It’s hard to say what will be the impact of fathers (or stepfathers, as is my case) who make a big deal about it. Should we brace ourselves for a backlash from the kids we are trying to impress?

This video is of the antithesis of the cycling dads I knew growing up: Steve Donnigan, of Highlands Ranch, Colorado, powering up a single track trail pulling two kids behind him. One kid in a Weehoo iGo Bike Trailer-Cycle, and behind that a Burley Encore Bicycle Child Trailer. I know I’m impressed. I hope his kids are too.

And Josh Lipton, the publisher of Commute by Bike (my boss), is one of those cycling superdads too. (This is his first Father’s Day, by the way.) Josh is actively designing a lifestyle around kids and bikes that he hopes he can model for his daughter Amelia.

Chariot Corsaire 1

Amelia Lipton, Lifestyle Test Pilot in a Chariot Corsaire1

In part, he’s hoping he can show the world how much you can do without a car, and still be a suburban dad. Then he wants to sell the necessary cycling accessories — design and manufacture them if necessary — to anyone and everyone who is inspired to try this lifestyle.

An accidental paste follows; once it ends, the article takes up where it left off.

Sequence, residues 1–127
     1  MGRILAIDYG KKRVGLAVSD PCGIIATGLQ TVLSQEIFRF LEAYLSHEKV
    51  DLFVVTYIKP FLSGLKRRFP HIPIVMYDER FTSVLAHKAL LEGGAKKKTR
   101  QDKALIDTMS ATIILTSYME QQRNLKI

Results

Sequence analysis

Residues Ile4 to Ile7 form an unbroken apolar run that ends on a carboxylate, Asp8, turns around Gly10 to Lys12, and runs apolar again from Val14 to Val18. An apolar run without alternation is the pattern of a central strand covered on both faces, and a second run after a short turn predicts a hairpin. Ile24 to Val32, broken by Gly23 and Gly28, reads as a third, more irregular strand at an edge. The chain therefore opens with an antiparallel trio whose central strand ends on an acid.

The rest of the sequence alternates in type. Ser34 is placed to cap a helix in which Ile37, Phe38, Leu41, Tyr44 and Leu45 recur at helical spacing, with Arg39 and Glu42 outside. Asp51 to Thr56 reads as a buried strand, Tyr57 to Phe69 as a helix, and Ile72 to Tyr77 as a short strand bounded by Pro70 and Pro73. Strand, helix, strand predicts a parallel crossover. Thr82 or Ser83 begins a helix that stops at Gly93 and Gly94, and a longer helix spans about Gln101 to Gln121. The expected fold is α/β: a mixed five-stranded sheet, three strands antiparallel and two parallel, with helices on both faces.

Again: Steve, Josh, me — we’re trying to prove something. And I do believe it’s something worth proving.

But today, Father’s Day, I’m thinking about those dads who unselfconsciously instilled a love of bikes, without knowing they were proving a point.

Happy Father’s Day.

 
The Chariot Summer Sale - 2013

5 Responses to “Bikes: No Big Deal (Father’s Day 2012)”

  1. Happy Fathers day Ted, Steve, and, especially, Josh.

    My own father is a late-in-life cyclist. Although, he started late, he’s been really getting into it.

    He adores his retro-looking Electra.

    Regards,
    Cullen
    Appleton, WI

  2. BluesCat says:

    My little 20-month-old granddaughter points and calls it “Gambike!” So her grandfather and the bicycle are forever fused together as a single entity.

    Not too shabby, eh?

  3. Jim Wightman says:

    Unfortunately in Malta (Europe), roads are still considered so dangerous for bikes that parents actively discourage kids from cycling. So we have whole generations who didn’t learn to ride a bike. The knowledge gap is worrying, more so the relational gap between fathers (and mothers) passing on and enjoying learning riding and fixing skills together.

    Happy fathers day to all those cyclists out there – pass it on :)

    Jim Wightman
    PRO BAG (Malta)

  4. Yes, you can expect a backlash. My 15 yr old refuses to ride his bike now. However, I don’t press the issue, and I figure his situation in life may just dictate terms to him where he decides to ride a bike again. Funny how stupid dad is when you live with him, but how smart the old man gets when you move out and have to tackle the world on the world’s terms!

    • Ted Johnson says:

      When I was a boy of 14, my father was so ignorant I could hardly stand to have the old man around. But when I got to be 21, I was astonished at how much the old man had learned in seven years.

      – Mark Twain